There are fans in Cleveland who see orange helmets and think they're looking at Jim Brown and Otto Graham. Well, maybe Kevin Mack and Bernie Kosar, who nearly got the Browns to the Super Bowl in the '80s.
Sorry, but when the Browns resume play tonight after a three-year hiatus, the starting quarterback is Ty Detmer, with Tim Couch, the next Graham, on the bench. And while they've got some quality free agents, it's an expansion team that will play Pittsburgh at the brand new stadium on the site occupied for nearly 50 years by "the mistake by the lake."
Still, this will have a special flavor.
"I think there will be lots of hugs and lots of tears," says Ohio native Carmen Policy, the Browns' president. "It's going to be a an emotional moment."
Pittsburgh, the Browns' traditional rival, is a perfect opening matchup. Playing the Baltimore Ravens, whom Art Modell moved from Cleveland after the 1995 season, might have been a little too emotional.
The Browns could be competitive against the Steelers, who missed the playoffs last season for the first time in Bill Cowher's seven-year tenure. Last year's offensive problems are supposed to be rectified by the arrival of Kevin Gilbride as offensive coordinator to rejuvenate quarterback Kordell Stewart.
But the major question is whether the Steelers will have running back Jerome Bettis, who missed the exhibition season with a knee injury.
Then there's the Browns' quarterback situation.
Couch, the No. 1 pick in last April's draft, has been impressive and could play some. But for now, the starter is Detmer, a smart journeyman with limited physical skills.
"I know Tim is the guy for the future, but I can't worry about that right now," Detmer said. "I came here to start."
For the team as a whole, the term is re-start.
Cowboys at Redskins
Today, 1 p.m., Ch. 29
Line: Redskins by 3.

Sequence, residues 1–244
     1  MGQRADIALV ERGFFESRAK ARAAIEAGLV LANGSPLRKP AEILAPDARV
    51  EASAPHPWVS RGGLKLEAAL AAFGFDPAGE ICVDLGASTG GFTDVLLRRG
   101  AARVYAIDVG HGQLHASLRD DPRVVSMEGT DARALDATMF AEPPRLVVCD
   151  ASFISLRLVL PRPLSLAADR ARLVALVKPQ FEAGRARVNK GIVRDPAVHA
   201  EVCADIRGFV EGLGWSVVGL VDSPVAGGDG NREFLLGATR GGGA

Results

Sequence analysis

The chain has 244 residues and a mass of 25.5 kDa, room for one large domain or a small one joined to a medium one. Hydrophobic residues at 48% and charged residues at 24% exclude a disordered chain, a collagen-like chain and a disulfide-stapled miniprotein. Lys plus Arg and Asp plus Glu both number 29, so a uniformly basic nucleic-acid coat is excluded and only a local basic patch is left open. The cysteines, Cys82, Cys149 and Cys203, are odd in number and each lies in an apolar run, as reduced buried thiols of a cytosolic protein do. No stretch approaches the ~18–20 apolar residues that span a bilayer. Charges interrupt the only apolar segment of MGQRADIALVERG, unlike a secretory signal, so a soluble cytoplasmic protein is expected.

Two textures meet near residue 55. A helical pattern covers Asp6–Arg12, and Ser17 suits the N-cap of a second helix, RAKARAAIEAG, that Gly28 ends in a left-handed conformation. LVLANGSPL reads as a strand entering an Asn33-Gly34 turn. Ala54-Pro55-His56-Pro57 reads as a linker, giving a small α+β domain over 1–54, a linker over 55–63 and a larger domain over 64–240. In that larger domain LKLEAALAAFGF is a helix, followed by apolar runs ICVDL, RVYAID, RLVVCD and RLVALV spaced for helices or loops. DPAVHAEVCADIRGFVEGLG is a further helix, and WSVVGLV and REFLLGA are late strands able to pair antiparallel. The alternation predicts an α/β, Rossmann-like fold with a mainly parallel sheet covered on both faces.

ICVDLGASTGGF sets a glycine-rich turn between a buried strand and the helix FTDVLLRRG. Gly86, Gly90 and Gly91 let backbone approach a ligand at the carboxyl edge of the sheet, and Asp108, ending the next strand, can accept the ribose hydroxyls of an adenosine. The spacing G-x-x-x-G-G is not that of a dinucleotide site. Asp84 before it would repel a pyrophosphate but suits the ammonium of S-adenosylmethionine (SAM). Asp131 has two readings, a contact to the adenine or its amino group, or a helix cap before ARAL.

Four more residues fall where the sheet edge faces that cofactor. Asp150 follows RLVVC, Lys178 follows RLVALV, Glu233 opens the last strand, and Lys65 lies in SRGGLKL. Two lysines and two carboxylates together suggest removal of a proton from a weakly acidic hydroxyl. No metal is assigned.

Last meeting: Cowboys won, 23-7, at Dallas on Dec. 27, 1998.
Key stat: Cowboys have beaten Redskins three straight.
Worth watching: Washington has placed its future in the hands of quarterback Brad Johnson, who was acquired via trade from Minnesota. Can Emmitt Smith repeat his 13-TD season of '98?
Outlook: Washington finished strong last season, winning four of its last five. Coach Norv Turner is high on the first-to-be-fired list, having failed to get the Redskins to the playoffs in his five seasons. This game will be an indication of how long Turner may last.
Vikings at Falcons
Today, 4 p.m., Ch. 29
Line: Vikings by 4.
Last meeting: Falcons won, 30-27, in OT in the NFC title game Jan. 17 in Minneapolis.
Key stats: Atlanta (plus-20) and Minnesota (plus-14) led NFL in turnover differential last season.
Worth watching: After missing much of training camp, how effective will Atlanta Pro Bowl running back Jamal Anderson be? How will Falcons try to contain Randy Moss?
Outlook: Falcons ended Vikings' dream season with upset in NFC title game, but can Minnesota reclaim its '98 magic? None other than Moss, not usually a team spokesman, said this week the Vikings don't have the same atmosphere that helped them go 15-1 last season. This game could reveal a lot about both teams.
Steelers at Browns,
Tonight, 8:15, ESPN
Line: Steelers by 6 1/2 .
Last meeting: This is the first meeting of these franchises.
Key stats: Cleveland becomes the NFL's 11th modern-era (since 1960) expansion franchise. Only Minnesota won its first game. The Vikings, playing at home, beat the Bears, 37-13, on Sept. 17, 1961.